Canon EOS 40D High ISO Noise Reduction Test

The 40D has a new custom function that allows you to set noise reduction for high ISO. I have made some test shots comparing shots from ISO 800 to 3200 with noise reduction off and on. The following are 100% crops, the left side crops had noise reduction turned off and right side crops had noise reduction turned on.

ISO 800


ISO 1600


ISO 3200


To see the full 40D review, click here.

4 thoughts on “Canon EOS 40D High ISO Noise Reduction Test

  1. Were these captured in jpg or raw and then converted?
    Perhaps the high ISO noise feature only affects jpgs…
    I shoot in jpg+RAW and can see a difference in my high iso jpgs but not in my raws.

    Perhaps, if you shoot raw+jpeg, you could also post the same crops of your jpegs?

  2. I don’t see any difference… but I do echo Andrew’s question: does the high ISO noise reduction apply only to jpegs, or to jpegs and RAW? I’ve heard conflicting reports, which is kind of wierd. Image processin in-camera typically is only applied to jpeg (then interpreted for RAW by, in Canon’s case, DPP). I get conflicting reports about the “new” High ISO Noise Reduction”. What are the facts? If you take a pic in RAW with this feature off, take one with this feature on, then import them both into, say, Lightroom, will they be the same, or different?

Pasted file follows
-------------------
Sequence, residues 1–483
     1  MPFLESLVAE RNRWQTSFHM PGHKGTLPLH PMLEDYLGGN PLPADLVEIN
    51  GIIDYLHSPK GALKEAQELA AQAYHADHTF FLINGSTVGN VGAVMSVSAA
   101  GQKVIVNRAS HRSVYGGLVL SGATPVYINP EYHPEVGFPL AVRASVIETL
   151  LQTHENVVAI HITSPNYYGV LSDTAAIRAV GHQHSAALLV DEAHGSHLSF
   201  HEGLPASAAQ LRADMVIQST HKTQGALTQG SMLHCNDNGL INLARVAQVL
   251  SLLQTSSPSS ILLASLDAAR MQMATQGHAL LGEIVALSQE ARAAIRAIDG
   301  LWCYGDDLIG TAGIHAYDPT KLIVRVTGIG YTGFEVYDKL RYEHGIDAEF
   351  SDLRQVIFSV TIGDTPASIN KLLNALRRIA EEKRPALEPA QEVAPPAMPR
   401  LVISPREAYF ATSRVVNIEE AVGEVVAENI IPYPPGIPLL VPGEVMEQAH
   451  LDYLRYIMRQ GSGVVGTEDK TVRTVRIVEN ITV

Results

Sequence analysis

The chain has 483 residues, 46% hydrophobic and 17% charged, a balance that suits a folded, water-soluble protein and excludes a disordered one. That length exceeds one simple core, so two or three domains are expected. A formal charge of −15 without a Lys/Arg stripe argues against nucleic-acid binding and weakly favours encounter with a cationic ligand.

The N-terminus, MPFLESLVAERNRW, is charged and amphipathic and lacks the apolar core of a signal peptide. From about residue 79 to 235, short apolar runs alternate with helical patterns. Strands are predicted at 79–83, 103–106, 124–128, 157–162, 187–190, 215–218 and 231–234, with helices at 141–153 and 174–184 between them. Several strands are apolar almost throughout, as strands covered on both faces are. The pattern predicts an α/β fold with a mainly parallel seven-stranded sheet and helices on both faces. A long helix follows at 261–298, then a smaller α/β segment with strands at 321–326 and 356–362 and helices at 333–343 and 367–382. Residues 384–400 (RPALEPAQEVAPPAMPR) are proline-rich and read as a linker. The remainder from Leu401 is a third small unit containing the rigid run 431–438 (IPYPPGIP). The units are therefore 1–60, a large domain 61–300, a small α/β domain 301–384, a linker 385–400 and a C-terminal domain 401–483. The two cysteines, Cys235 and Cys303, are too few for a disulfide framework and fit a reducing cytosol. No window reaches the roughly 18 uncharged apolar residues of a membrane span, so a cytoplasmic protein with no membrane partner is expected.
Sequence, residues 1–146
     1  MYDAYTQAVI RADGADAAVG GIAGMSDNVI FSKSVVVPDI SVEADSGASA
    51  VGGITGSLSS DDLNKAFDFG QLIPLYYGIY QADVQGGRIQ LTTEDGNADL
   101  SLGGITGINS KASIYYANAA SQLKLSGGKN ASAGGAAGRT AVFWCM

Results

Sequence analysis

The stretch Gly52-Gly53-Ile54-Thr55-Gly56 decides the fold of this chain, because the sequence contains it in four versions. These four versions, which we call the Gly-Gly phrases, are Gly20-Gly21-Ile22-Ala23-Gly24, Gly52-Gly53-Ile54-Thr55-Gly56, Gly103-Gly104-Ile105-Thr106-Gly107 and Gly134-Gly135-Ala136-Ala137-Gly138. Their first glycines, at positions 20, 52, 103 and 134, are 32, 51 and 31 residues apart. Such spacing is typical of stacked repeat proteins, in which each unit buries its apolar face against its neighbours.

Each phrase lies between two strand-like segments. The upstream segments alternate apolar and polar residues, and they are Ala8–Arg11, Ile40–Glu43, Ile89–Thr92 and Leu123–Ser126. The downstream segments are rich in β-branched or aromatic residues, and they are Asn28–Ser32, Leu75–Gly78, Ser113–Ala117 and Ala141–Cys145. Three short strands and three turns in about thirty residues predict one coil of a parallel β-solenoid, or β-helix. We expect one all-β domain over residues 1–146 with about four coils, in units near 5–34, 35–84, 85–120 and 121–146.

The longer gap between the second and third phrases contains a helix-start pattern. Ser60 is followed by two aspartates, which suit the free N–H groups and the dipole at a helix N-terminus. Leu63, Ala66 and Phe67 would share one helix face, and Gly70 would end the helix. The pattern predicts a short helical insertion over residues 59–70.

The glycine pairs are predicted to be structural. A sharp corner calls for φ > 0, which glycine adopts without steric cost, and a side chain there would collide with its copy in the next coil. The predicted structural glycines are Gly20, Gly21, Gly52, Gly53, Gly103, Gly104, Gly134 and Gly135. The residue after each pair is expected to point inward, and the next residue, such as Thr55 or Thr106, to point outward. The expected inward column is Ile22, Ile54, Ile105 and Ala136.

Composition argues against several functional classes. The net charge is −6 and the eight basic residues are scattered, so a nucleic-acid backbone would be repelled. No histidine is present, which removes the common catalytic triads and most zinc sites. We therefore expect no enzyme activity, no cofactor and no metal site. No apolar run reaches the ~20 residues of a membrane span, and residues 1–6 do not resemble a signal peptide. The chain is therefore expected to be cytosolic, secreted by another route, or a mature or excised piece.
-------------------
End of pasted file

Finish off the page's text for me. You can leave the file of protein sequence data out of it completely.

I have the same question about Highlight Priority: JPEG only, or RAW?


  3. Pingback: EOS TRULY. A CANON SHOWCASE. « A Moment Lived. A Journey Shared.

  4. From Canon’s recent white paper Guide for Custom Functions and Camera Settings for the mark III

    High ISO Noise reduction only Combats chrominance noise (the colored dots/pastel like color deviations) while not affecting luminance noise (dot like noise, ‘salt and pepper’ speckles). It reduces the amount of colored speckles, while leaving luminance noise alone as that must be blurred away, potentially reducing resolution.

    Also High ISO noise reduction only effects JPEG images, as it said, no processing is done whatsoever to RAW images, you’ll need to do your own noise reduction in DPP or photoshop.

    Though even if you set the output to RAW only it still reduces the cameras image buffer as it still processes the image to make the embedded JPEG image for the RAW file, so if you shoot exclusively in RAW it might be best to turn off High ISO noise reduction. (Though I may be incorrect on this last point, its based on whats said in the PDF and experience with the 40d)

    Highlight Tone Priority from my understanding is Both JPEG and RAW as it adjusts the (tone curve? exposure?) bias towards highlights in order to get more detail in the upper end.

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